Litigation funding giant Burford Capital was reeling yesterday after a short-selling attack on its shares saw them lose nearly half their value in a day.
Just two weeks after unveiling record results, the company put out three stock market statements in the space of a few hours, with the co-founders announcing their intention to buy more shares personally as a way of indicating their confidence in the business.
Burford’s shares have risen spectacularly in recent years from 120p five years ago to over 2000p this time last year. However, they lost 260p on Tuesday as rumours of the attack circulated and a further 516p yesterday after it was unveiled, to leave the share price at 605p.
The 25-page report was published by US-based Muddy Waters Research, which was set up by a lawyer and claims that it “peels back the layers, often built up by seemingly respected but sycophantic law firms, auditors, and venal managements”.
The report said more detailed investment data published this year by Burford “proves” that it has been “egregiously misrepresenting” its return on invested capital (ROIC) and internal rates of return, as well as the state of its overall business.
It argued that Burford’s net realised returns have actually relied on a very small number of cases. “Just four cases have produced approximately 66% of Buford’s net realised gains during 2012 through H1 2019. We calculate that the other concluded cases during this time generated a combined ROIC of only approximately 19%.”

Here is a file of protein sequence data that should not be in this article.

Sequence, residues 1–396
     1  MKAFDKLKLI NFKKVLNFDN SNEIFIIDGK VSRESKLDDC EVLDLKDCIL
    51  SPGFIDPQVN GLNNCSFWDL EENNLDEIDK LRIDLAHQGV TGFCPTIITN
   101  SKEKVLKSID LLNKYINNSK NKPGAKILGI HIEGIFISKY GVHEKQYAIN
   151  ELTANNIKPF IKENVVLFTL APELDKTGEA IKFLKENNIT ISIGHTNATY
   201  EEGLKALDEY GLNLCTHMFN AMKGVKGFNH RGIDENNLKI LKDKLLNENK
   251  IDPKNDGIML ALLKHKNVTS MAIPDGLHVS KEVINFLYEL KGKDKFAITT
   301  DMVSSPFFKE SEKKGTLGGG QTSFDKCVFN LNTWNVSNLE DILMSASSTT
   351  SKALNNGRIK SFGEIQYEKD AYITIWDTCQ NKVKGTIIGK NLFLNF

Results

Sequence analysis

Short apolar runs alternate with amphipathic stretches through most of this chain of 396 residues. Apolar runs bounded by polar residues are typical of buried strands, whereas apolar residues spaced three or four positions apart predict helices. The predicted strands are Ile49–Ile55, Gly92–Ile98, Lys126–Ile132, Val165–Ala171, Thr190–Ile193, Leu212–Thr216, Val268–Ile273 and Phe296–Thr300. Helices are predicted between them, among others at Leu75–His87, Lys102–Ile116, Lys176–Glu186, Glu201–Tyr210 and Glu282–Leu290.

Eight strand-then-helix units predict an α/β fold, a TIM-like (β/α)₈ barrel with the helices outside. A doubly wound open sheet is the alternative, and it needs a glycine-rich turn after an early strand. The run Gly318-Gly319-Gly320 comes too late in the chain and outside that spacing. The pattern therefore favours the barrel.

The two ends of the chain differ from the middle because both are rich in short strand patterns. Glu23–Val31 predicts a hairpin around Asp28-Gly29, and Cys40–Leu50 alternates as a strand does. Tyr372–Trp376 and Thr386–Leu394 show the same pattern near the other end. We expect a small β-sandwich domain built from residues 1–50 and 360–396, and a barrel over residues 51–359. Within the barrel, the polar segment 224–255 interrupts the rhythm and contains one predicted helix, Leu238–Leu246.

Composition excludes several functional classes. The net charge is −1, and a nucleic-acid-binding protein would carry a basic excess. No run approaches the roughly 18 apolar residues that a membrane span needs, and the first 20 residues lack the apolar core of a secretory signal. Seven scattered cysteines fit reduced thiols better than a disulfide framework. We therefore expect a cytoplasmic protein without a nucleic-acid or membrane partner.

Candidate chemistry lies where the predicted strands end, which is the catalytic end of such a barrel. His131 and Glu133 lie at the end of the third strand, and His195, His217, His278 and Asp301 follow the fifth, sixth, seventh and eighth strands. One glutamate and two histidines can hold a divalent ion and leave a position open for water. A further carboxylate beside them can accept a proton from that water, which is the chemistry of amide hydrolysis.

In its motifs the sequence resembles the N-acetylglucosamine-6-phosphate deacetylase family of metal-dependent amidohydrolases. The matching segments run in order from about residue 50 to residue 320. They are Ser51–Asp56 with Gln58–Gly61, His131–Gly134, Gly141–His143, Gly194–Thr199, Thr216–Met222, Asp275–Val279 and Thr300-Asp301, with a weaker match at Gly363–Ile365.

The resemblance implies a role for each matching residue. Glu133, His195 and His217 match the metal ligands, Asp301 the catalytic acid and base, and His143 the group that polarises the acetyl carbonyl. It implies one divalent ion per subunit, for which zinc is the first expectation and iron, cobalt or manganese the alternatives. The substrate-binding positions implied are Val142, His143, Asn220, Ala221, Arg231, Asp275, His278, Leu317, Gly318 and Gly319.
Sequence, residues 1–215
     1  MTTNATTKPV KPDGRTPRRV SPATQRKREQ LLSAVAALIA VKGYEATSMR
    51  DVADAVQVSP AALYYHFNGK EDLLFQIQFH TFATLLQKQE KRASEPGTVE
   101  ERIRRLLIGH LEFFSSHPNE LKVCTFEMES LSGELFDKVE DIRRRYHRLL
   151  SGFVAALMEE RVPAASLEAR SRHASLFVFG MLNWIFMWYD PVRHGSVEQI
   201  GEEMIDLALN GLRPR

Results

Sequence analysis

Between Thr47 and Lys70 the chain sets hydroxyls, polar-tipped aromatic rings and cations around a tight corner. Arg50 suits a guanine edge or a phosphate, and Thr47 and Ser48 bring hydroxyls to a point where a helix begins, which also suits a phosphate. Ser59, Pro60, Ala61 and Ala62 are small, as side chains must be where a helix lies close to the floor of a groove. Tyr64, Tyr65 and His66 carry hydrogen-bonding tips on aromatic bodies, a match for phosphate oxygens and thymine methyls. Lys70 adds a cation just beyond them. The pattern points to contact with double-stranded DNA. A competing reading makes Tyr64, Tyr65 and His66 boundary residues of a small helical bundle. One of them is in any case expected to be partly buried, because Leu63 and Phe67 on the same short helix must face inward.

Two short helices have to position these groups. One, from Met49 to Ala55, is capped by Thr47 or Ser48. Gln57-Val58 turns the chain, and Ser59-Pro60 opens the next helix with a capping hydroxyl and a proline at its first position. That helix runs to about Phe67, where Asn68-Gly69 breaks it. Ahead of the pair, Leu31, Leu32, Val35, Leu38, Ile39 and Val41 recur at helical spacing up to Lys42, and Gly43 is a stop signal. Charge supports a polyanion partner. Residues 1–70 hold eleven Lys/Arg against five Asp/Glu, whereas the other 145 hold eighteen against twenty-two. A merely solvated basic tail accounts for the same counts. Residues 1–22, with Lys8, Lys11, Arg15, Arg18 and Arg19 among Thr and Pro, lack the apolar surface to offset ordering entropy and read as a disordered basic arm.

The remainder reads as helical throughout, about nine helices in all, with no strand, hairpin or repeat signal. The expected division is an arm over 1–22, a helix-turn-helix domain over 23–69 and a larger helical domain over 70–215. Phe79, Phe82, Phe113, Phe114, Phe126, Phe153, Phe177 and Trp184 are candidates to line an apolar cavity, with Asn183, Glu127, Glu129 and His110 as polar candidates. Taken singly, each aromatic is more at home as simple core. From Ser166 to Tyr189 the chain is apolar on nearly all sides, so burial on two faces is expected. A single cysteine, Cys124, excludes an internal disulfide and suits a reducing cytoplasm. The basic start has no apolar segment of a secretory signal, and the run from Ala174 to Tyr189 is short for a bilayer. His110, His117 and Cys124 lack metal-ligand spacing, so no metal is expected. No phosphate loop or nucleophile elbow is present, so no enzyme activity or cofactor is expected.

Muddy Waters insisted that Burford’s liquidity was “risky, and it is arguably insolvent”, noting the turnover of chief financial officers in recent years and that the current incumbent was chief executive Chris Bogart’s wife.
Burford said the criticisms were “without merit” and that it would issue a detailed response “as soon as practicable” and then convene an investor conference call.
“Christopher Bogart and Jonathan Molot, Burford’s chief executive officer and chief investment officer, respectively [and also its co-founders in 2009], have informed the board that once Burford’s detailed response to the Muddy Waters’ report allegations has been published, they each intend to purchase Burford shares for their personal accounts.”
It told the market that its cash position and access to liquidity was “strong”.
The statement added: “To be sure, Burford will need to take on additional external capital to continue its growth as it has done successfully throughout its history, but this is a cause for celebration, not for alarm, because it means the business is growing rapidly.
“We have discussed our capital structure at length in the past. Burford has a wide variety of capital sources available to it and significant ability to manage its cash outflows, and has over $400m of cash and cash equivalents on hand as of 5 August 2019.”
Burford said its returns were “robust”, and that it used the same IFRS accounting that was used widely across the financial services industry.
It added: “There is a clear line between appropriate commentary and market manipulation… Short sellers of this ilk are not long-term investors. Rather, their goal is to panic investors into selling their holdings and thereby to drive down the share price.
“If investors oblige them, then the attack succeeds, long-term investors are harmed and the short sellers pocket a quick payday.
“Companies are largely powerless to intervene in this dynamic other than by continuing to perform, just as Burford has been; the way to thwart the attacks is for investors to recognize manipulation for what it is and not behave as the short sellers hope.”
There are two other listed litigation funders in London – insolvency specialist Manolete Partners, whose shares dived 16% yesterday, and LCM, which dropped just under 5%.
Listed Australian funder IMF Bentham issued a statement in response to what was happening to Burford, saying “the accounting treatments adopted by IMF and some of its competitors vary materially”.